As she walked down the sidewalk, Leslie noticed a small kosher deli to her right.
As she walked down the sidewalk, Leslie noticed a small kosher deli on her right.
The only visual difference between these two sentences is the words to and on. But can you tell me how the two sentences differ in meaning?
Trick question—they don’t. Oh, it might be possible to argue that the word on implies a slightly closer proximity than the word to in this usage, but that’s a flimsy difference. Really, these two sentences mean the same thing.
It’s probably because on and to can be used interchangeably in a case like this that I see them so often mixed up in a similar case:
A narrow, weathered wooden wardrobe stood on the right of the room.
A narrow, weathered wooden wardrobe stood to the right of the room.
These two sentences do not mean the same thing. The first one implies that we are in a room, and a wardrobe is standing in the room on the right side, perhaps against the wall or something. The second sentence implies that there is a room, and outside the room on the right there is a wardrobe.
What changed? Why are on and to interchangeable in our first example, but not in our second? The difference is the object of the preposition. In other words, what are these objects located to the right of?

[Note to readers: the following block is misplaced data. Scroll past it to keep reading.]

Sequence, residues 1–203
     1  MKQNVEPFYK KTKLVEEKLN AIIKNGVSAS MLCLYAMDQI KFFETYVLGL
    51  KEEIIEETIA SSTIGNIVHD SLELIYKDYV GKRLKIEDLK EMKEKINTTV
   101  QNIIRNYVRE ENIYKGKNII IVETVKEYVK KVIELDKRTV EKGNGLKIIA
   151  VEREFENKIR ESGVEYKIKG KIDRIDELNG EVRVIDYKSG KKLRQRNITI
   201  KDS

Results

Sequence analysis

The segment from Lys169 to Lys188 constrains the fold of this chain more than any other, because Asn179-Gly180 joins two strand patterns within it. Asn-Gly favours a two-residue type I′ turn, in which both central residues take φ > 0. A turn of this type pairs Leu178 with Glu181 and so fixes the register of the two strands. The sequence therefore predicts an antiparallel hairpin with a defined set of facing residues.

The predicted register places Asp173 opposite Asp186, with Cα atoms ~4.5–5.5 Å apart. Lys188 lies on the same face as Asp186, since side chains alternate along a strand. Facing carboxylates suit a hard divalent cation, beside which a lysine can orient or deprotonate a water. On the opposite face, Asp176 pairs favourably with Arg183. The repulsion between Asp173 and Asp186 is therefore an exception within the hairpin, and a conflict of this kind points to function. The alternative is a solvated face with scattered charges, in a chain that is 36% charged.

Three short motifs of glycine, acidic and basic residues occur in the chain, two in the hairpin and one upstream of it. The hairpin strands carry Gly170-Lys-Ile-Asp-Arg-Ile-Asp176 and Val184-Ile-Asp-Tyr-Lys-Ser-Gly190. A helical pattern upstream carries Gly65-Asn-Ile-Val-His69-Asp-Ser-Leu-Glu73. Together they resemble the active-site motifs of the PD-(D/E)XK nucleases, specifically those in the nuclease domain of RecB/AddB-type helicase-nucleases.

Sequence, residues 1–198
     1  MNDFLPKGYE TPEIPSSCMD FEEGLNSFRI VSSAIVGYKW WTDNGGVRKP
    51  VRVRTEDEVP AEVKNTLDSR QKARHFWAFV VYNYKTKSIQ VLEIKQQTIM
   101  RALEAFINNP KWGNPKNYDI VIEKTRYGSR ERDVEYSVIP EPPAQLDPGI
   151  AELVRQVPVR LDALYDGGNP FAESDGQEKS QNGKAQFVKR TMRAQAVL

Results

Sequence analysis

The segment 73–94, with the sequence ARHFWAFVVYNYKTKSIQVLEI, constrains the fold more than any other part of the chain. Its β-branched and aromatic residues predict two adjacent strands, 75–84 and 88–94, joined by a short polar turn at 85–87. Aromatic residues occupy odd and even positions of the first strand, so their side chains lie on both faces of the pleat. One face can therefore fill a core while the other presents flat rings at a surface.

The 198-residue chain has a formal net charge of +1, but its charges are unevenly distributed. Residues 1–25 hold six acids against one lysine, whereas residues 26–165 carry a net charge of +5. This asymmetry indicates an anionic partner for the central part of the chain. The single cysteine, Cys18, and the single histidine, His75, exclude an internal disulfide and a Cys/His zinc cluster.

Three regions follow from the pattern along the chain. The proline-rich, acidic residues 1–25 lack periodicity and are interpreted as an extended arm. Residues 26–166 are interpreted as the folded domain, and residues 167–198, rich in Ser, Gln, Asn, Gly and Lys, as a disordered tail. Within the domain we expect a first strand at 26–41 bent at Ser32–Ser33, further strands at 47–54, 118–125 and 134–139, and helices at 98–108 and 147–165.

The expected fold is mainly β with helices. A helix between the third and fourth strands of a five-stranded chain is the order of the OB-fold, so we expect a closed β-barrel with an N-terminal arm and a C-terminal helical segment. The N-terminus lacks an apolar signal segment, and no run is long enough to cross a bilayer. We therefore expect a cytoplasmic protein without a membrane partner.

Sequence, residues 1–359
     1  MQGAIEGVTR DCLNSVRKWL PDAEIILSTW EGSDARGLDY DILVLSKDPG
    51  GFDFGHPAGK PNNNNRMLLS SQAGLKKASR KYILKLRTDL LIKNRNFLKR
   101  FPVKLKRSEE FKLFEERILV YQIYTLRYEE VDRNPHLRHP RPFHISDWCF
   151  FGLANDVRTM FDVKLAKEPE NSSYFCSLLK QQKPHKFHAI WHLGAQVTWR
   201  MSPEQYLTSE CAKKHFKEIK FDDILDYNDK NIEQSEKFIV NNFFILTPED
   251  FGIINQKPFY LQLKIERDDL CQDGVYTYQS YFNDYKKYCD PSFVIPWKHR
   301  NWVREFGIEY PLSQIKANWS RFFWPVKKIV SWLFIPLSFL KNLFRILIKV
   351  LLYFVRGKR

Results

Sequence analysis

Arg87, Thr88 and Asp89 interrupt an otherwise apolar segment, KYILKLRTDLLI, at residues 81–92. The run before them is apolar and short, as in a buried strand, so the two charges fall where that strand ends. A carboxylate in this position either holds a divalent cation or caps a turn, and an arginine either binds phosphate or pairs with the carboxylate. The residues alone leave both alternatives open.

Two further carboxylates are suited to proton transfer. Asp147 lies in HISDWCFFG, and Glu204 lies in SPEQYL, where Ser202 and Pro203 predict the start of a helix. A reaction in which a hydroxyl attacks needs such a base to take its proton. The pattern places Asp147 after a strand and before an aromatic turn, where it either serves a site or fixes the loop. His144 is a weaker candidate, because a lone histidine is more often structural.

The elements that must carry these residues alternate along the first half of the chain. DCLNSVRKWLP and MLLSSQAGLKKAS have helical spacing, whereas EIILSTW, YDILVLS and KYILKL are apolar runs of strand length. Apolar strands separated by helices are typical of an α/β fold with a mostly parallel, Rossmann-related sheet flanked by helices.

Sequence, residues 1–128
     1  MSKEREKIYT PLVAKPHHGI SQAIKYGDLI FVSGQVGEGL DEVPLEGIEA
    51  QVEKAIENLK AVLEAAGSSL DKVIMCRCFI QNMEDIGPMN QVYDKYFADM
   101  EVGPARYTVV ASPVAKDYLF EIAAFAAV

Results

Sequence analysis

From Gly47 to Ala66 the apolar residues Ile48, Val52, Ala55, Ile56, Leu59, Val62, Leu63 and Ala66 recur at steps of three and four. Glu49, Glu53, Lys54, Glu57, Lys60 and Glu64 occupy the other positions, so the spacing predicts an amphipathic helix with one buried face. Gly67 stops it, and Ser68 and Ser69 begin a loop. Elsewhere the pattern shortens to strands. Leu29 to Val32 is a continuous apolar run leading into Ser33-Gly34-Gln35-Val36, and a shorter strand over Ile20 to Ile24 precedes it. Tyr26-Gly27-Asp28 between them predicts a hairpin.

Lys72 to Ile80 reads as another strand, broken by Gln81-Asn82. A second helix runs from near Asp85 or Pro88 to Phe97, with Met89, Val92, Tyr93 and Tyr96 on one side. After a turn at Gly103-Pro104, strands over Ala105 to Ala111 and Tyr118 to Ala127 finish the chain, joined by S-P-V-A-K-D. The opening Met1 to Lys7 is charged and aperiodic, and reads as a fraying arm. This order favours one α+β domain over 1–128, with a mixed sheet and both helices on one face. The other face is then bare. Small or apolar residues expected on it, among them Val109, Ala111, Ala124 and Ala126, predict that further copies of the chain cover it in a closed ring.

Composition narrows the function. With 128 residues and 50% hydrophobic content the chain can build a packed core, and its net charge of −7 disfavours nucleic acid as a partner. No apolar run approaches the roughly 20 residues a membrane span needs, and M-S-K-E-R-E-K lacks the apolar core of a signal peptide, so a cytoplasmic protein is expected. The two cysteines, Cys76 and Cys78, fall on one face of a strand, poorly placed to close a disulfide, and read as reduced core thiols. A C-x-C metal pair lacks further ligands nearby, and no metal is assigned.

In our first example, the deli is to the right of Leslie—a person, a thing. In our second example, the wardrobe is on (or to) the right of the room—a place, a location in its own right. Because there’s little to no chance that a deli would be located on Leslie’s person, on and to can both be used to mean beside or somewhere on that side of. Because the room could easily contain the wardrobe, however, we have to be more specific—on the right means it is located inside the boundaries of the room, while to the right means it is located outside those boundaries.
Note that Leslie could serve as a location. For instance:
The purse hung on Leslie’s right.
The purse hung to Leslie’s right.
The second sentence clearly means that the purse is hanging on something beside Leslie, whereas the first sentence is a little confusing—is the purse hanging on Leslie’s right shoulder, or is it hanging on a peg on the wall to her right? Usually, when you use on to indicate that an object is located within the boundaries of a location, you’ll want to be more specific:
The purse hung on Leslie’s right shoulder.
Bam. Clear as can be. Even our earlier example can be made clearer this way:
A narrow, weathered wooden wardrobe stood on the right side of the room.
Much clearer, no? A little specificity can go a long way. But in the long run, just remember: when denoting location, on and to cannot be used interchangeably if they are relative to a place.